Electrolyte

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Electrolytes are essential to homeostasis, the normal functioning of the human body, and play a key role in metabolism.[1] A lack of electrolytes, incorrect electrolyte balance, too little or too much of an electrolyte can cause serious health problems,[1] and in extreme cases death.

In medicine, the term electrolytes refers to a mineral that has been dissociated from a salt that carries an electrical charge (an ion). For example, sodium ions are often referred to as electrolytes.[1]

Electrolytes that play a key role in the human body are:

Less important roles are played by magnesium, copper, zinc, iron, manganese, molybdenum, and chromium. [1]

Purpose[edit | edit source]

Sources[edit | edit source]

Electrolytes are present in food and drinks (including trace amounts in water). They are also available as supplements, and some can be injected or provided intravenously.

Evidence[edit | edit source]

ME/CFS[edit | edit source]

Electrolytes are a possible treatment for the energy metabolism and ion transportation problems found in M.E.[2]

See also[edit | edit source]

Learn more[edit | edit source]

References[edit | edit source]

  1. 1.01.11.21.3 OpenStax (Feb 26, 2016). Anatomy & Physiology. OpenStax CNS. 
  2. Carruthers, B. M.; Sande, M. I. van de; Meirleir, K. L. De; Klimas, N. G.; Broderick, G.; Mitchell, T.; Staines, D.; Powles, A. C. P.; Speight, N. (Oct 1, 2011). "Myalgic encephalomyelitis: International Consensus Criteria" (PDF). Journal of Internal Medicine. 270 (4). doi:10.1111/j.1365-2796.2011.02428.x/full. ISSN 1365-2796.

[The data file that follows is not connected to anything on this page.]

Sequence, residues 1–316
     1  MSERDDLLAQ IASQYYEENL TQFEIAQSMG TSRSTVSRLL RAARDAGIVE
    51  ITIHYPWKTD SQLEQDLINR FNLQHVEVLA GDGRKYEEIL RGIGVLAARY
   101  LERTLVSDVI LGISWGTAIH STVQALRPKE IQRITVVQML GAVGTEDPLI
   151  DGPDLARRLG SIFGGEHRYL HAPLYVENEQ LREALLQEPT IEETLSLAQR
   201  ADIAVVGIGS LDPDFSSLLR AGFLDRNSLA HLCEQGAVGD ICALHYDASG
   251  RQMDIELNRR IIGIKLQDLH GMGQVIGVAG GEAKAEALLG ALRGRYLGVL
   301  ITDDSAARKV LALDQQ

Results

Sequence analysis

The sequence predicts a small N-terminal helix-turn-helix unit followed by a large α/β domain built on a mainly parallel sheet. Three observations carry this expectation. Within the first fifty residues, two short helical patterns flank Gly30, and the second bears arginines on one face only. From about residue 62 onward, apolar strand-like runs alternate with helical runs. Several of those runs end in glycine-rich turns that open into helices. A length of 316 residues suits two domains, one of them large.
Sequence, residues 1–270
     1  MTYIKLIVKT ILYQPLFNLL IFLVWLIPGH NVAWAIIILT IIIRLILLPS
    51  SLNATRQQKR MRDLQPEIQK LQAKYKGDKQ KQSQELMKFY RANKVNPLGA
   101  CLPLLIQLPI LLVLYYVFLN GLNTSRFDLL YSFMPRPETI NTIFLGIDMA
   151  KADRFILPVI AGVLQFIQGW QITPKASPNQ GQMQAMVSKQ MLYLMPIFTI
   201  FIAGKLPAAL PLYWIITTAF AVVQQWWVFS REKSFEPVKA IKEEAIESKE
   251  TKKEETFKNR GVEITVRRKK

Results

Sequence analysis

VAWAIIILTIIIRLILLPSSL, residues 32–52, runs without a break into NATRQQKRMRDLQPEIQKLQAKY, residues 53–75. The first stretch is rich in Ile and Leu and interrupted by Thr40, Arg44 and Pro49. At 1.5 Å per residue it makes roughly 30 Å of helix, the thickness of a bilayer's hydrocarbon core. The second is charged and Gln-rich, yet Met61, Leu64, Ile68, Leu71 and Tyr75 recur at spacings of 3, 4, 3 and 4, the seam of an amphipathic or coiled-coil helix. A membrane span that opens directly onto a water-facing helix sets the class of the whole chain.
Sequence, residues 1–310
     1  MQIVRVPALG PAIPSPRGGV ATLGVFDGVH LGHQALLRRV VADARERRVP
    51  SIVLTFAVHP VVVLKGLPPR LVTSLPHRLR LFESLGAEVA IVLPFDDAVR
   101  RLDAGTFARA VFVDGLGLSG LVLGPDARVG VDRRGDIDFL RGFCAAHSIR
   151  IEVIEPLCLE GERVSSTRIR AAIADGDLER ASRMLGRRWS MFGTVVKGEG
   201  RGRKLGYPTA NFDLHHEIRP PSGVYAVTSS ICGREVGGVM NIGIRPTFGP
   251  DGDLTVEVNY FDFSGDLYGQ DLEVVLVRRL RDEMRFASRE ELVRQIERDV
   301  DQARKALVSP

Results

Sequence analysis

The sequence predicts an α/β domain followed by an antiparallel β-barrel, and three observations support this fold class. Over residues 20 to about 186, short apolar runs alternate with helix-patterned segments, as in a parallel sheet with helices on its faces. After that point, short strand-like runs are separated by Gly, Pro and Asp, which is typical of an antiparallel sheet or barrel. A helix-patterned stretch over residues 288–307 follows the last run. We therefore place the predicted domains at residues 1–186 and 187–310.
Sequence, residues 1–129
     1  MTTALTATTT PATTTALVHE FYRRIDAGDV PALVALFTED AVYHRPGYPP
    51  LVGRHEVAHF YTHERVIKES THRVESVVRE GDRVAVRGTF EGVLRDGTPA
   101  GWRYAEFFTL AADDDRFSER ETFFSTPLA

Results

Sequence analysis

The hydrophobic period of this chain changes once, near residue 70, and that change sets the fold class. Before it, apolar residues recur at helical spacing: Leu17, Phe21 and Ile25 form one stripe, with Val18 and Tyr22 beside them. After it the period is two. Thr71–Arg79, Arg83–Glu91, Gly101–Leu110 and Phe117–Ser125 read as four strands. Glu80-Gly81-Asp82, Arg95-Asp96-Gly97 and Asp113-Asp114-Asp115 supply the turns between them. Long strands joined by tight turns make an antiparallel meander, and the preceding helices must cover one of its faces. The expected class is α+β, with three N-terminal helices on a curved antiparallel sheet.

ME/CFS - An acronym that combines myalgic encephalomyelitis with chronic fatigue syndrome. Sometimes they are combined because people have trouble distinguishing one from the other. Sometimes they are combined because people see them as synonyms of each other.

Myalgic encephalomyelitis (ME) - A disease often marked by neurological symptoms, but fatigue is sometimes a symptom as well. Some diagnostic criteria distinguish it from chronic fatigue syndrome, while other diagnostic criteria consider it to be a synonym for chronic fatigue syndrome. A defining characteristic of ME is post-exertional malaise (PEM), or post-exertional neuroimmune exhaustion (PENE), which is a notable exacerbation of symptoms brought on by small exertions. PEM can last for days or weeks. Symptoms can include cognitive impairments, muscle pain (myalgia), trouble remaining upright (orthostatic intolerance), sleep abnormalities, and gastro-intestinal impairments, among others. An estimated 25% of those suffering from ME are housebound or bedbound. The World Health Organization (WHO) classifies ME as a neurological disease.

The information provided at this site is not intended to diagnose or treat any illness.
From MEpedia, a crowd-sourced encyclopedia of ME and CFS science and history.